You know that the appearance of your skin changes as you age — but do you know why that happens? Many different changes interact together to alter the appearance of skin as we age, and science can explain what happens and why. Here are 10 ways that your skin changes as you age:
Your oil production slows down.
No matter what your skin type was in your youth, you lose both oil and sweat glands as you age. This means that dry skin becomes even drier, while oily skin will get less greasy. By age 60, pretty much everyone has dry skin to one degree or another. As a result, your skin probably won’t tolerate drying skin care products such as exfoliants and retinol as well as it used to. Instead, you’ll need to focus on hydrating and moisturizing skin tightening creams to keep your face from becoming even more dry. A humidifier can also help put moisture back in the air if you live somewhere very cold or dry.
Your epidermis gets thinner.
As you get older, the outer layer of your epidermis becomes thinner, even though the number of layers in your skin doesn’t change. You will probably notice your skin becoming more transparent, so the veins underneath it will be more visible. Thinner skin is also more fragile and prone to irritation, which has other implications for your skin, such as it being slower to heal from wounds.
You might become more sensitive to products.
If you’ve noticed that a skincare project you’ve used for years is suddenly irritating your skin, you’re not imagining things. As your skin becomes drier and thinner, it also becomes more sensitive to potential irritants. You might find yourself developing new skin allergies or reacting to products that you previously used without a problem. This includes not just skincare products but also soaps, detergents, fabrics and other items that come in direct contact with your skin.
Your skin might itch more often.
This increased sensitivity plus extra dry skin is a recipe for itchiness. Many seniors struggle with winter itch when the weather becomes cold, but your skin can be itchy year round. Since your skin is thinner and more delicate at this age, scratching can also lead to irritation and even create open wounds in the skin, which can cause infection. Instead of scratching itchy skin, apply soothing topical products that are targeted toward eczema and related skin conditions. Using a hydrocortisone cream or another topical treatment can also relieve the itch temporarily.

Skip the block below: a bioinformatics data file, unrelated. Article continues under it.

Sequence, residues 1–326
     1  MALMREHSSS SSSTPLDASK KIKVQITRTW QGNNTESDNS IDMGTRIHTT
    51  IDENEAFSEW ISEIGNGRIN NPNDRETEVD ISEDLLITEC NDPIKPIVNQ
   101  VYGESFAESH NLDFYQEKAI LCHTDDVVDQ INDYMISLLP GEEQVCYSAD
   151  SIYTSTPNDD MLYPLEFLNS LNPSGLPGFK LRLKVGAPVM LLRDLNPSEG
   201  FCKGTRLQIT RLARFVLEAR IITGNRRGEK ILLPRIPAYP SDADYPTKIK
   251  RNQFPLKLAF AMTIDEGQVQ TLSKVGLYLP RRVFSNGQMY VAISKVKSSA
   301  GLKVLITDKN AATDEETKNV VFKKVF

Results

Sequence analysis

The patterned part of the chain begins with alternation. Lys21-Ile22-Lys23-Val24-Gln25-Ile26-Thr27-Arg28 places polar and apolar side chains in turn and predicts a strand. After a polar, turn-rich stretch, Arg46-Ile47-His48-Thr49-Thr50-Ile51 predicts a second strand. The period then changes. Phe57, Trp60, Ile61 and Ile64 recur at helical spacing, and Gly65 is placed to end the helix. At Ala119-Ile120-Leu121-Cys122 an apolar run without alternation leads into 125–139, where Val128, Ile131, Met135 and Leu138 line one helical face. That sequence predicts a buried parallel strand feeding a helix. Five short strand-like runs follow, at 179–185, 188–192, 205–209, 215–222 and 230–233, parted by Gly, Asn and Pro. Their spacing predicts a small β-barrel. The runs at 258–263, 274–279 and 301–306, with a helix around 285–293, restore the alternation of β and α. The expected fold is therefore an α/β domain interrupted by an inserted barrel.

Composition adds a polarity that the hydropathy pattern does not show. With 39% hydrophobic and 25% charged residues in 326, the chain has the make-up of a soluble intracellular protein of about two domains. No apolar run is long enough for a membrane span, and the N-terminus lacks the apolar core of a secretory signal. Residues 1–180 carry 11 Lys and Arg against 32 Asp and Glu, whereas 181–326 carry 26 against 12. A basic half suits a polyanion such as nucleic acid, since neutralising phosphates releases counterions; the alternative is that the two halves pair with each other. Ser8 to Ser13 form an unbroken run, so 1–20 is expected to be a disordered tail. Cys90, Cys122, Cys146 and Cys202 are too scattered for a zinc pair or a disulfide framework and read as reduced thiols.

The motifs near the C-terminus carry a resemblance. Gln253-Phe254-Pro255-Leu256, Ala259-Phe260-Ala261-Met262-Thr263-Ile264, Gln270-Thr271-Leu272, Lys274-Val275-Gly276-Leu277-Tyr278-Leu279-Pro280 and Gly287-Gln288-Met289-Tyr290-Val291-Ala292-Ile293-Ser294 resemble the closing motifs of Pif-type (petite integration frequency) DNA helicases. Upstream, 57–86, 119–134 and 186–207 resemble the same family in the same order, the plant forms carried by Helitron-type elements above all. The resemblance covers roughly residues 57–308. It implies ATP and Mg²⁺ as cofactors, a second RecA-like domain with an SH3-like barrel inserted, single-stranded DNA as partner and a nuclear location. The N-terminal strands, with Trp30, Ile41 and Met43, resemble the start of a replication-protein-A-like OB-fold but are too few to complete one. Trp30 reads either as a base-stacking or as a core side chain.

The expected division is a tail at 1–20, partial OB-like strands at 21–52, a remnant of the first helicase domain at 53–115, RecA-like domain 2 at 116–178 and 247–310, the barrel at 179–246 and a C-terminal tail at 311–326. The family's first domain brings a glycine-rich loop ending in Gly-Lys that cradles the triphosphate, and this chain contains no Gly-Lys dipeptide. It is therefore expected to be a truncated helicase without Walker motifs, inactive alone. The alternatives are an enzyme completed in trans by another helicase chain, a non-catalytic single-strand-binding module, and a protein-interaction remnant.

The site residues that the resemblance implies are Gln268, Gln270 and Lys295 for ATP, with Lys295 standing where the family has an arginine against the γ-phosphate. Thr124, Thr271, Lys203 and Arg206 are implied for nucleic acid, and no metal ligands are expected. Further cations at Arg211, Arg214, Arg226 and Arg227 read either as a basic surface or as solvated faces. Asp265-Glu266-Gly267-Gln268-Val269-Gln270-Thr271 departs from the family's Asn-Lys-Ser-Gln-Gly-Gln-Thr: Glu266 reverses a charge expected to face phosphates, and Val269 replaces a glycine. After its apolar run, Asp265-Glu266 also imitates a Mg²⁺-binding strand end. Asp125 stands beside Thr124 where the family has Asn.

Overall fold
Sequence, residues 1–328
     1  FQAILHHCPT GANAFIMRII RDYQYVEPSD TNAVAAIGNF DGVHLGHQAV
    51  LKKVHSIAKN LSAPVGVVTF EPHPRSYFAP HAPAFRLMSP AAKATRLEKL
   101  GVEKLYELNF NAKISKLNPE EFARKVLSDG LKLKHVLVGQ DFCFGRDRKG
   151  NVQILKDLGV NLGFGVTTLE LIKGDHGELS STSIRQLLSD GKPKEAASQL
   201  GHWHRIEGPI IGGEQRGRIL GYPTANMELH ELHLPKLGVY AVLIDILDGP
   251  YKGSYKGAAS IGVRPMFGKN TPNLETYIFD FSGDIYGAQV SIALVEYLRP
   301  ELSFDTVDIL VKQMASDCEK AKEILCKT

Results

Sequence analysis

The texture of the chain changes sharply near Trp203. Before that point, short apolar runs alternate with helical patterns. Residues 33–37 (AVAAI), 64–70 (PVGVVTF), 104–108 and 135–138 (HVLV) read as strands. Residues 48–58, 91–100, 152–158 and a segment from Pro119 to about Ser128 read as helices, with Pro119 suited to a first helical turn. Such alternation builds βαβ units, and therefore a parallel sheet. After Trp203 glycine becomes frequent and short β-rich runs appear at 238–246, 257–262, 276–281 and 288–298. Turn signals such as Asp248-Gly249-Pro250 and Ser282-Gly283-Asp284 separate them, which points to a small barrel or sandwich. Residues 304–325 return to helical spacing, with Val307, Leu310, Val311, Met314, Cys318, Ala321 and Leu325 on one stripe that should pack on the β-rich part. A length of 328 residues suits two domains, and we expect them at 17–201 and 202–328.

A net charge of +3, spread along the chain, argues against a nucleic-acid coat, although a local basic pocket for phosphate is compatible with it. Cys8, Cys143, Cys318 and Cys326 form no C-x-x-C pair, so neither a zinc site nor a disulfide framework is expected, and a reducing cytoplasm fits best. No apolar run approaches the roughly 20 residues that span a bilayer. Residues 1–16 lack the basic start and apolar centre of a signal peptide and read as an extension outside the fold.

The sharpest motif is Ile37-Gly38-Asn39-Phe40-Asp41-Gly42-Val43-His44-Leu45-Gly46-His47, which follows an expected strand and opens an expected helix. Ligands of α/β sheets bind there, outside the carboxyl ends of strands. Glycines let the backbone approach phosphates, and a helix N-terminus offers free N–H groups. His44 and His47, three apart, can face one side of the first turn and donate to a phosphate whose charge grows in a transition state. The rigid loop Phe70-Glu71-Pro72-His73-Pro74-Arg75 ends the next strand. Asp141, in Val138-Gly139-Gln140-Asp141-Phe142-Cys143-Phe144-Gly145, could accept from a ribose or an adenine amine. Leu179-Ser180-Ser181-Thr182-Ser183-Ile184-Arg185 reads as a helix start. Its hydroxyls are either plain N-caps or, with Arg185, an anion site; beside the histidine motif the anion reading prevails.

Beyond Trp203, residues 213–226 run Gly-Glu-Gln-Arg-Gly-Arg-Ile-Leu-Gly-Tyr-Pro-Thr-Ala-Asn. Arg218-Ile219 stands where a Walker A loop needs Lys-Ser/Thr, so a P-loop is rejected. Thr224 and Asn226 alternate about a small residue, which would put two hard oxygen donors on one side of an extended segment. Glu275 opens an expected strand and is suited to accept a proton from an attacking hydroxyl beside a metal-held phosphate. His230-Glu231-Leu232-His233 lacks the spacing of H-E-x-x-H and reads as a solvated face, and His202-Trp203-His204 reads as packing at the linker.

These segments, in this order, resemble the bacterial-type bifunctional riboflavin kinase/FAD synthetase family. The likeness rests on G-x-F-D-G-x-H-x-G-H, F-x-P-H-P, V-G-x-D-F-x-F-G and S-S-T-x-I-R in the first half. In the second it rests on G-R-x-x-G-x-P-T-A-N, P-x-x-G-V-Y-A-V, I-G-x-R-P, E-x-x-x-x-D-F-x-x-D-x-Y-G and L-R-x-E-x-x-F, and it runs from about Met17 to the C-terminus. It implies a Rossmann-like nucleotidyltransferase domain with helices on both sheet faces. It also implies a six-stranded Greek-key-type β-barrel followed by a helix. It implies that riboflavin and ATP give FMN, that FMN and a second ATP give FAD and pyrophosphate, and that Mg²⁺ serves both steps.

Your skin becomes less elastic.
In addition to losing oil and sweat glands, your skin cells also produce less collagen and elastin as you age. Collagen and elastin are proteins that are responsible for keeping your skin supple and plump, and they are the reason your skin “springs back” when you make a face or press on it. As you age, your skin will become less elastic due to this loss of collagen and elastin, which contributes to the formation of wrinkles and fine lines.
You will probably notice some sagging.
This loss of collagen and elastin also contributes to skin sagging, but it’s not the only season why it happens. As you get older, you lose subcutaneous fat in your face, most noticeably around your cheeks, temples, chin, nose and eyes. You may also experience bone loss after age 50 or so. Your skin will become looser and sag as this happens, and your eyes may also appear sunken. Gravity pulling on your skin over time will exacerbate these effects and contribute to more sagging.
Your skin becomes slower to heal.
Your cells redivide more slowly as you age, which means that your entire body becomes slower to heal, including your skin. Cuts and scrapes that once closed up immediately may linger, causing you pain and leading to infection. Be vigilant about wound care, keeping the area clean and covered and applying healing ointments. See a doctor if a wound refuses to close or heal, since festering wounds can lead to other health complications.
You might bruise more easily.
The walls of your blood vessels thin over time, meaning that you will bruise more easily as you age. The thinner, more transparent nature of your skin also means that bruises will appear more easily and look worse than they did when you were younger. Bruises will also take longer to heal than they previously did. Take care when you are moving around and avoid bumping into objects. Don’t press or poke your skin unnecessarily, and be gentle when washing it or applying your 3-step skincare routine.
You will probably develop age spots.
As a result of cumulative UV damage, most older people develop age spots, which appear as flat brown spots of darker pigmentation. They commonly appear on areas that are exposed to the sun, such as the face, hands, arms, back and feet. Using a broad spectrum sunscreen may help to prevent the appearance of age spots and may help current age spots from getting worse.
You might notice more skin growths.
Most people also develop more skin growths as they age. Some of these, such as skin tags, are harmless. However, others may be cancerous and should be checked by a doctor immediately. Examine your entire body once a month for moles and growths that exhibit the following signs: asymmetrical appearance, irregular borders, color changes or variation, diameter bigger than a pencil eraser and changes in appearance or growth over time.
We hope this guide cleared up any confusion around how and why skin changes as you age! Don’t forget to apply sunscreen every day to help slow the signs of premature aging and reduce your risk of getting skin cancer.